Friday, April 30, 2010

Simplicity 2447

I did it! I sewed five tops for Spring Top Week! I'm so proud of myself for reaching my goal and I learned SO MUCH this month.

Without further ado, here is Top #5

This is from Simplicity 2447. I combined view F and View D and added a few little twists of my own.

This pattern has princess seaming, which was a first for me. I love it! When I sew this pattern again, I'm going to lengthen it into a shirt dress. The princess seams make for a flattering cut for my body type.

Unlike the pattern, my pockets are "mock". I saw this recently on a top and thought it was a cute and easy embellishment without added bulk (and work). I never use breast pockets anyway.

I cut most of the top from an inexpensive lightweight cotton from Joann. I used a vintage cotton floral print for trim detail that I bought on eBay last year and have been jealously hoarding for the right project. I thought about making a belt (one side blue fabric, the other side the floral), but I thought that might be a little matchy matchy overkill.

I think it's also fairly cute without a belt.

Too shapeless? What do you think?

Better with the belt?

Here is a closer view of the trim:

So this month, I sewed seven (!) tops, a spring jacket, two skirts, and two dresses. Two of those items are wearable muslins, so not sure they completely count.

When I get interested in a new skill, I tend to get a little.. ahem.. compulsive.

Insert Sheepish Grin.

Thanks, Rae, for the inspiration and motivation to learn to sew for myself!

Tuesday, April 20, 2010

Thank Heaven for Little Boys

Simplicity 4076

By the time Made by Rae's Spring Top Week is over, I'm going to need a second closet.

And more fabric.

And a housekeeper.

Because I've been sewing. And not cleaning.

And it is evident.


As the post title may suggest, this is from Simplicity 4076, view B. I usually fit a 14 in Simplicity, but I started with a 12 since my fabric was very lightweight and stretchy. I made a muslin with a similar weight knit and found the 12 to be a tad short and tight in the tummy for my liking.

However, the 12 was just right in the chest, arms, and shoulder. So I redrew the pattern with about an inch width and length.

Just right!

Monday, April 19, 2010

I will have it. I must have it.

Or I will explode.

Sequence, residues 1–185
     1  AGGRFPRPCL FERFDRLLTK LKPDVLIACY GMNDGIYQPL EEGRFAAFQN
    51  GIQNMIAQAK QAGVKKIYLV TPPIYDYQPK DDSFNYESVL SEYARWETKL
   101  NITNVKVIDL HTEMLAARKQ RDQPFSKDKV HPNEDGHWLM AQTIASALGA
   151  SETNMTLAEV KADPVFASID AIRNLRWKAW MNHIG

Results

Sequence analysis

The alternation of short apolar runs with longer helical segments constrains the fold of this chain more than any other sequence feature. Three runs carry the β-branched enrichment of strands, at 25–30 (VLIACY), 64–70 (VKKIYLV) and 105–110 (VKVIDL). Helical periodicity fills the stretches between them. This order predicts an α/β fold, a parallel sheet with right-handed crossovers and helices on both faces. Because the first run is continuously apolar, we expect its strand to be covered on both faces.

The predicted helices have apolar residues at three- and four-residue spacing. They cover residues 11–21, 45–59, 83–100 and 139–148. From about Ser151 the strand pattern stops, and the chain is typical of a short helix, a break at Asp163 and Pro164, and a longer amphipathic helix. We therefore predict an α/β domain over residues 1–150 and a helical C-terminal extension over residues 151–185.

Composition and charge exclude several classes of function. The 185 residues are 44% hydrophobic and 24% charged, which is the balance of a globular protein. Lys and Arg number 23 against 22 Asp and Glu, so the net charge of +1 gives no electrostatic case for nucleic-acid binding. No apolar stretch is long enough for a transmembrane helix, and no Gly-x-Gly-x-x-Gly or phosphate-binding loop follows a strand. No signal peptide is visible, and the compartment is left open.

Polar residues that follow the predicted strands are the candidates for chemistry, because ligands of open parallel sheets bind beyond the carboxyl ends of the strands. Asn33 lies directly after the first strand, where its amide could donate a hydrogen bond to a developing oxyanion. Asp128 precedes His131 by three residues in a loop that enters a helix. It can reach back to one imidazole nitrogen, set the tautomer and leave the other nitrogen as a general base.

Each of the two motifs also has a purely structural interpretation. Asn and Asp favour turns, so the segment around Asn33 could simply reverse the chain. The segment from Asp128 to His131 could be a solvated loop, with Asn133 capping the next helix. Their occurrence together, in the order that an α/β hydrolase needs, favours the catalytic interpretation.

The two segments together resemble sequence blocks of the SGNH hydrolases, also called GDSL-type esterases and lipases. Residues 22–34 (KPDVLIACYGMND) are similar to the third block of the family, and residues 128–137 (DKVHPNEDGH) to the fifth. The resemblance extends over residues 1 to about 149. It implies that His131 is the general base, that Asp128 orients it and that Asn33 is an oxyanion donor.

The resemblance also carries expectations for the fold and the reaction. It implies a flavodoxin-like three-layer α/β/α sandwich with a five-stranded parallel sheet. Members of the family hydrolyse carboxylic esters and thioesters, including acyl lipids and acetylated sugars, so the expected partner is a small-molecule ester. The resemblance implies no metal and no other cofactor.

The Journalism Dress

Found at ModCloth, for a reasonable $49.99. I love.

But I'm not going to buy it, because I think I can make it. Also because, according to the reviews, it would probably be a little short for my mama thighs. And a little saggy in my bosom. And I think, if I sew it, I can fix these things.

I've already found and purchased the fabric and a pattern (still waiting for pattern to arrive via the trusty USPS).

New Look 6799

I can't wait to give this a try, although I'll be heartbroken if I can't pull it off.

I suppose if I can't sew it, I'll just have to lose 20 pounds, get breast implants, and buy the ModCloth version.

Seems reasonable.

Friday, April 16, 2010

Surprise! Another top.

I'm on a roll. This is my third entry for Spring Top Week.

This one is adapted from McCall's 5425. The pattern is for a dress and I lopped off the bottom to make it a top.

I fell in love with this lovely satin charmeuse at JoAnn. It's heavenly to wear yet it sucketh to sew. It will likely be awhile before I purchase it again.

If you are stupid .. ahem.. BRAVE enough to try charmeuse, here are a few tips I picked up along the way:

1) Make a tissue paper sandwich before cutting your pattern. Place a piece of tissue paper on your cutting table, then place your fabric on top of the tissue paper, then place another piece of tissue paper on top. Pin your pattern to the entire sandwich, through all layers. Then cut. This will keep the charmeuse from slipping around and distorting your pieces.

2) Start with a new needle.

3) When IF you have to rip seams, be vvvvvvveeeeeeeeeeerrrrrrrrryyy careful, because if you pull too hard, you'll get runs in your fabric. It's not so fun.